Overview: Delphi at the Aachen Colloquium

Component supplier Delphi Automotive has outlined possible solutions to the emissions challenges facing both petrol and diesel vehicles in technical papers presented at the 21st Aachen Colloquium.

Delphi’s papers describe a near production-ready Selective Catalytic Reduction (SCR) dosing system which, the Company says, provides a very cost-effective approach to urea injection; and a Gasoline Direct Injection Compression Ignition (GDCI) engine that is currently in advanced development.

SCR dosing system

Delphi’s SCR dosing system will provide a cost-effective approach to urea injection. The first paper is entitled Delphi SCR Dosing System: An alternative approach for close-coupled SCR catalyst systems. It explains how a new high pressure water cooled urea doser simplifies the dosing system architecture compared to conventional approaches and how it is suitable for use on close-coupled SCR exhaust systems — where the SCR catalyst is placed closer to the engine for faster light-off. ‘The doser generates an outstanding spray quality enabling high levels of NOx conversion, even at low exhaust temperatures,’ explains David Needham, Delphi’s chief engineer on the SCR system. ‘The innovative arrangement provides a simple and robust solution for NOx reduction to meet Euro 6 Step 2 emissions regulations, and to minimise CO2 emissions without the cost and package increases normally associated with additional aftertreatment.’

The Delphi SCR system, which is suitable for passenger cars and light commercial vehicle applications, is complemented by a new, state-of-the-art ammonia sensor. SCR catalyst systems produce ammonia in order to reduce NOx emissions. Measuring ammonia with this sensor provides excellent feedback for precise urea dosing control, and offers a signal for on-board diagnostics (OBD) and monitoring of the SCR system.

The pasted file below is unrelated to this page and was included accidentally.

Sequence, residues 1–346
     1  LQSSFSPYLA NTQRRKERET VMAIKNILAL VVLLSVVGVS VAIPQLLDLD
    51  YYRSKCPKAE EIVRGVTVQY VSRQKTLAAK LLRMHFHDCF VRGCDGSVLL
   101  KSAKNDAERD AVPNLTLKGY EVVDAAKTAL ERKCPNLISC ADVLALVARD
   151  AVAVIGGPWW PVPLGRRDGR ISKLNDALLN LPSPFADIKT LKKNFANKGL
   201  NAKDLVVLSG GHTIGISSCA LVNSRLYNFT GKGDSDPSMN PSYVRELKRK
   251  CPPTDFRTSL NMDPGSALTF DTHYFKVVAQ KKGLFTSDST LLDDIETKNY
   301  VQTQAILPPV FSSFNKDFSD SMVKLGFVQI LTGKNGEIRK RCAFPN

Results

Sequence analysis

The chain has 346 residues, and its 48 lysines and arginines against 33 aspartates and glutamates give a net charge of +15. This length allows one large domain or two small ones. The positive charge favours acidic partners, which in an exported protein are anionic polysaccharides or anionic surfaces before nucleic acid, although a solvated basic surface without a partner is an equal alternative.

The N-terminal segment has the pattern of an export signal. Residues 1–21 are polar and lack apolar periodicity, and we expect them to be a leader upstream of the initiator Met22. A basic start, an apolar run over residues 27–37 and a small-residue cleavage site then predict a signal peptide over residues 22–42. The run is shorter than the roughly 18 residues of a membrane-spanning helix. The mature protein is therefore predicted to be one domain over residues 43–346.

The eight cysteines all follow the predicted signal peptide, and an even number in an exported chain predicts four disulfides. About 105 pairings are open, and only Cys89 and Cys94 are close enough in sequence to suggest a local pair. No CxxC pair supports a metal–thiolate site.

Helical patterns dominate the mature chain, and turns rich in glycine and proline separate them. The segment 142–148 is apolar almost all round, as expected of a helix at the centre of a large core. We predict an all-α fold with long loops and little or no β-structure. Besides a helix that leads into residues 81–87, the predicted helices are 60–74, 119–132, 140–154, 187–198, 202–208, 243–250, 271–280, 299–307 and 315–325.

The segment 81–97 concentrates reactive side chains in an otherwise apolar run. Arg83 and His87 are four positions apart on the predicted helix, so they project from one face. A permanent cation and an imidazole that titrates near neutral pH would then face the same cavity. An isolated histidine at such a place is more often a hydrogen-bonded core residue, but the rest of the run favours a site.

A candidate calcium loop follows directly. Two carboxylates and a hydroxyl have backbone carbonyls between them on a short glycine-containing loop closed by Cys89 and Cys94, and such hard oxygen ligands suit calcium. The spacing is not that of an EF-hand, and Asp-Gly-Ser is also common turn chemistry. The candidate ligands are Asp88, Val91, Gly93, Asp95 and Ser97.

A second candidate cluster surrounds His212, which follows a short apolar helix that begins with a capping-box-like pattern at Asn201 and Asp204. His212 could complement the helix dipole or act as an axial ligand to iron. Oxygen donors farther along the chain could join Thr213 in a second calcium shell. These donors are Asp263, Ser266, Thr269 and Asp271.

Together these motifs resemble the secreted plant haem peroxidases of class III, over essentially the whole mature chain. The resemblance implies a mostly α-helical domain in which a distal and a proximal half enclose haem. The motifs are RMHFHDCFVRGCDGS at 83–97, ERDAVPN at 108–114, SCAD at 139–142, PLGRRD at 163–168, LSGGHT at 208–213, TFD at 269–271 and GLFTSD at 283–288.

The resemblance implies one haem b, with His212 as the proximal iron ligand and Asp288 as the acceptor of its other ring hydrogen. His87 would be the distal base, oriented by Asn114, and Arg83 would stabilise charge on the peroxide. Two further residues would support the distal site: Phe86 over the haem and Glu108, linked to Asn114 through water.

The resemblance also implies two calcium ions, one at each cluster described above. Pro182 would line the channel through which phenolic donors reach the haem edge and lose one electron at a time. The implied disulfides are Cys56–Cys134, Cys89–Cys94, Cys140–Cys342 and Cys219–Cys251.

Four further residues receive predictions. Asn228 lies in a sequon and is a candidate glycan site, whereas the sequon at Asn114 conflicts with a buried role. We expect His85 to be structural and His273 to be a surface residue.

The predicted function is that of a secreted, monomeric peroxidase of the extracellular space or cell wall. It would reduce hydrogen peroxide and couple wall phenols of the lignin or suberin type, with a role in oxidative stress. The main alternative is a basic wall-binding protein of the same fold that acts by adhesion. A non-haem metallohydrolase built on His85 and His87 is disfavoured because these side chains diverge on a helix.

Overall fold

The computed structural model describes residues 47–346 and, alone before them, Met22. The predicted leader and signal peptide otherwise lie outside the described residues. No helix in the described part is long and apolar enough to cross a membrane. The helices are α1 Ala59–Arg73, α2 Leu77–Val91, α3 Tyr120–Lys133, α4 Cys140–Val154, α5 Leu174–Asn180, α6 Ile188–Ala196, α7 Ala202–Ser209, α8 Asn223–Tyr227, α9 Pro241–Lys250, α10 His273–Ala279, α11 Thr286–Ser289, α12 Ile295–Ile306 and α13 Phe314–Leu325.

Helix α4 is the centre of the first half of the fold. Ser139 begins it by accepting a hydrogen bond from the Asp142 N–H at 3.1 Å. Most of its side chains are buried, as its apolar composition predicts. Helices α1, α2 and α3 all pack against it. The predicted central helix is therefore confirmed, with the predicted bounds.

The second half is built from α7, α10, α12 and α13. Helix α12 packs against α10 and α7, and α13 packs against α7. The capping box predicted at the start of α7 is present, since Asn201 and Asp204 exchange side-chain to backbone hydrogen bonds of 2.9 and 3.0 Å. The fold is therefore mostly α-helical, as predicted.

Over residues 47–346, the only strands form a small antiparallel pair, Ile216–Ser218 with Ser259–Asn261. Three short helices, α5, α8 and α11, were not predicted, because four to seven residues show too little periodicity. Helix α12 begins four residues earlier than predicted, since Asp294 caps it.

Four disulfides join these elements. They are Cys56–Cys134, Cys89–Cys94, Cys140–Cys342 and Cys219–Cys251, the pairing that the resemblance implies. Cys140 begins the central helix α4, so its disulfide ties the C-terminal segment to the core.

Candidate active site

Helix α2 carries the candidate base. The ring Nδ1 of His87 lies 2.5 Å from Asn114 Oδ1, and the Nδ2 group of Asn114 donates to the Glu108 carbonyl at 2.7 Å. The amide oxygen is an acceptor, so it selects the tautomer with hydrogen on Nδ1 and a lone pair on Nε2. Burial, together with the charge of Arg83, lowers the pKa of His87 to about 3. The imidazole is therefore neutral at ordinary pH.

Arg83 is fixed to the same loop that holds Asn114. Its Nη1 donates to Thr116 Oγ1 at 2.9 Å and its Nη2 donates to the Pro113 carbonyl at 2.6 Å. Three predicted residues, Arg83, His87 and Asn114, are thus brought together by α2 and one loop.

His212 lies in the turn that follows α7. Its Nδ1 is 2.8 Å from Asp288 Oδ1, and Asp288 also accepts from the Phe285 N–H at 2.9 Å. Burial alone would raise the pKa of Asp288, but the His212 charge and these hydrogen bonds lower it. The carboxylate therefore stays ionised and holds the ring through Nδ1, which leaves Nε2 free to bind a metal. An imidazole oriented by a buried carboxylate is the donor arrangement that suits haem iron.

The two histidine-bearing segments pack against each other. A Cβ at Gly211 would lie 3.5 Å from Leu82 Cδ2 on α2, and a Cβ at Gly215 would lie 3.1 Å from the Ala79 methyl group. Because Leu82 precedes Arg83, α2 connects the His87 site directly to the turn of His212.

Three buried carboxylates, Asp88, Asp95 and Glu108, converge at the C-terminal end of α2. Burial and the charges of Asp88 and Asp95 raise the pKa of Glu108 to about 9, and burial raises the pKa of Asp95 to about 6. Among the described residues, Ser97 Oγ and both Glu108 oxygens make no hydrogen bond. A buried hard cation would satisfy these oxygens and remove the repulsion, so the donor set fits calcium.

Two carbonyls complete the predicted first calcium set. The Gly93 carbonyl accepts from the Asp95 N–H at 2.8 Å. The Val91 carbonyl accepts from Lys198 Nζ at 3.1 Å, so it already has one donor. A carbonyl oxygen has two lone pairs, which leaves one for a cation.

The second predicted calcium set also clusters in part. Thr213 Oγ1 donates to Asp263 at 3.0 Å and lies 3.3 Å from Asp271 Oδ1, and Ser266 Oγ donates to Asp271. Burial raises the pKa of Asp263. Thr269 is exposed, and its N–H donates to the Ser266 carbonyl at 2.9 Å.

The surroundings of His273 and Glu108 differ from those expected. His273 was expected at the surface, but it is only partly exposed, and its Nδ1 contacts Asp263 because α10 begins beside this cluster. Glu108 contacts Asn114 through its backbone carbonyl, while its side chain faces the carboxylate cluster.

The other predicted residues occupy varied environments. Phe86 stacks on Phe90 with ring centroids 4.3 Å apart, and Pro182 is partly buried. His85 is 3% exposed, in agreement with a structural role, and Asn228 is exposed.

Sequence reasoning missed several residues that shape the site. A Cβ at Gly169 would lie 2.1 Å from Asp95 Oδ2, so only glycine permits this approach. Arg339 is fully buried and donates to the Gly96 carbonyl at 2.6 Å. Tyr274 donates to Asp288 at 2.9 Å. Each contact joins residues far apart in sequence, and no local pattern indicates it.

The first production application of Delphi’s SCR dosing system is scheduled for 2015.

Gasoline direct injection compression ignition (GDCI)

Delphi’s second paper, entitled Combustion System for Gasoline Direct Injection Compression Ignition (GDCI), describes Delphi’s pioneering work on a completely new approach to combustion that delivers a combination of breakthrough fuel consumption and low exhaust emissions.

‘GDCI uses precise gasoline injection to enable well-timed and controlled compression ignition for high efficiency with low combustion noise,’ said Harry Husted, chief engineer, Advanced Powertrain.

New two-stage diesel injector

A third paper, presented by Daimler AG, details the joint Daimler-Delphi development of a combustion system using a new prototype two-stage diesel injector from Delphi. The injector uses a new variable orifice nozzle (VON) concept to minimise the conflict between reduced emissions, increased power output and lower combustion noise. The additional control of fuel flow, made possible by the VON, permits greater optimisation of diesel combustion and has already shown improved part-load fuel economy with lower noise and smoke levels.

Power electronics

A range of innovative power electronics products were shown at Aachen, including Delphi’s high-performance inverter, DC/DC converter, on-board battery charger, battery management system and hybrid vehicle control unit.

Delphi’s high-performance inverter uses patented power silicon packaging to reduce cost, size and weight while increasing overall reliability. The packaging eliminates wire bonds, enables higher current and power density, and when combined with dual-side cooling, reduces power semiconductor area. The inverter is expected to start production in 2013.

Delphi’s battery-pack controller calculates state-of-charge, evaluates battery health and determines power available for the vehicle. Using these calculations, it performs cell balancing to maintain cell safety and increase battery life. Delphi’s battery pack controller is scalable, AUTOSAR capable, low cost, compatible with multiple cell chemistries and is currently in production.

Inverters, battery packs and other HEV/EV components create a high-voltage environment that can be dangerous to drivers and service technicians. Delphi’s electrical and electronic architecture systems help keep both safe with physical harness protection systems, battery monitoring devices, plug-in charging systems and a series of connection systems that incorporate the shielding, sealing and high-voltage safety interconnects required for high-voltage/high-power applications.

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